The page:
Compounds

Compounds

In German you can combine two or more nouns to make a new word with a different meaning. You can find many such "composites" that have become part of German vocabulary.

A compound noun consists of one base noun that always comes at the end of the combination and one or more further determining words that help to explain the base noun in more detail. The article of the base noun is also the article of the compound noun.

Look at a few compounds that can be formed from the basic word Schrank, together with different modifiers:

der Spiegel + der Schrank:
der Spiegelschrank
(a cupboard with mirrored doors)

die Küche + der Schrank:
der Küchenschrank*
(a cupboard that stands in the kitchen)

das Schlafzimmer + der Schrank:
der Schlafzimmerschrank
(a cupboard that stands in the bedroom)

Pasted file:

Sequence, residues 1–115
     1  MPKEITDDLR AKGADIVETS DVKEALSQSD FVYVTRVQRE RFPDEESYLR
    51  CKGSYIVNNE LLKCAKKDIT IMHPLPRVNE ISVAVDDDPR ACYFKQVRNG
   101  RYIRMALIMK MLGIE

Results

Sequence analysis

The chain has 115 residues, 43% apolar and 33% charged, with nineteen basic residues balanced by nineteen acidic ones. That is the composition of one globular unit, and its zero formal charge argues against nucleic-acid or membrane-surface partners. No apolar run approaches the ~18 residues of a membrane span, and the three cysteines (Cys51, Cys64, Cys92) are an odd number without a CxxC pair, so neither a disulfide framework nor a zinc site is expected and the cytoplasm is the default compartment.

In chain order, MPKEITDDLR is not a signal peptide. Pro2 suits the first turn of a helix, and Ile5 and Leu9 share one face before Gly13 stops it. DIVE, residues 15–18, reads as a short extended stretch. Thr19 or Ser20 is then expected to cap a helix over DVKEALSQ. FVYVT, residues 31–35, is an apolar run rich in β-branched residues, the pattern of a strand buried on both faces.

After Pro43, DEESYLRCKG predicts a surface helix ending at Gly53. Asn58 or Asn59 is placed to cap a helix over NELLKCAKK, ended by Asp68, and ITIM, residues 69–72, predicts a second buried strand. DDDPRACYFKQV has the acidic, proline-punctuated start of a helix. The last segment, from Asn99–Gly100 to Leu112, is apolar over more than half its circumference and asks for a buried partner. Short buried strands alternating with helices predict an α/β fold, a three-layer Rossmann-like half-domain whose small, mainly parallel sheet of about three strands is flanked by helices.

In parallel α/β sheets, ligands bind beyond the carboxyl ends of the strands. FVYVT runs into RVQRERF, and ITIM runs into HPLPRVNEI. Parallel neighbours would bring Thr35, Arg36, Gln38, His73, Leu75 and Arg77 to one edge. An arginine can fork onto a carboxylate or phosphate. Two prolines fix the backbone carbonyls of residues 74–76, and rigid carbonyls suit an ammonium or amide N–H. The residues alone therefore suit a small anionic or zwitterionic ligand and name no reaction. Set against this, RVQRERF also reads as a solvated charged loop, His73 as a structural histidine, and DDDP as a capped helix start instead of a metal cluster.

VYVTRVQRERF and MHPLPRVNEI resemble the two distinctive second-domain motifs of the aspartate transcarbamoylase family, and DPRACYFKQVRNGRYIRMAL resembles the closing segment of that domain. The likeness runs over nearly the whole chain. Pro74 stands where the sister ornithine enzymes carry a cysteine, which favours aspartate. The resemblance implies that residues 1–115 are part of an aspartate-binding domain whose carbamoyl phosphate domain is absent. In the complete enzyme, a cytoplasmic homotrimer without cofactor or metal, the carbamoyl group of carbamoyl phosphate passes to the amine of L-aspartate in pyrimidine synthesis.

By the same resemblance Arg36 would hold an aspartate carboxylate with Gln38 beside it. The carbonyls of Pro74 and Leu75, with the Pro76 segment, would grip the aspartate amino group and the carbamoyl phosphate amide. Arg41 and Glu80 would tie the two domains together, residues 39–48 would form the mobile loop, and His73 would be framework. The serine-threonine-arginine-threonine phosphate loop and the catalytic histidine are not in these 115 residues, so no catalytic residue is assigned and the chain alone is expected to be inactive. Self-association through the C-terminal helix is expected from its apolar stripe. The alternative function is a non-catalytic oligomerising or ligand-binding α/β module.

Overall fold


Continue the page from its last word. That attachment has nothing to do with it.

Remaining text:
die Bücher + der Schrank:
der Bücherschrank
(a cupboard used to keep books)

*When a word is made up of two or more nouns, a sound may be added between the defining word and the base word. After -e (e.g. Küche) this is often an -n. In many cases an –s  is used, sometimes also -es, ­-ens or -er. Since you usually do not form compound nouns yourself, but learn them like other words, you do not need to learn the rules for this.

 

The defining word is often a noun, although it can also be a verb or an adjective, e.g.:

schlafen + das Zimmer:
das Schlafzimmer

tanken + die Stelle:
die Tankstelle

hoch + das Haus:
das Hochhaus

 

Grammatical terms in German:

das Kompositum: A composite is a compound word. This word is often a noun but it can be, for example, a verb or adjective. The different components of a compound can also be different types of words. The base word determines which type of word this compound is.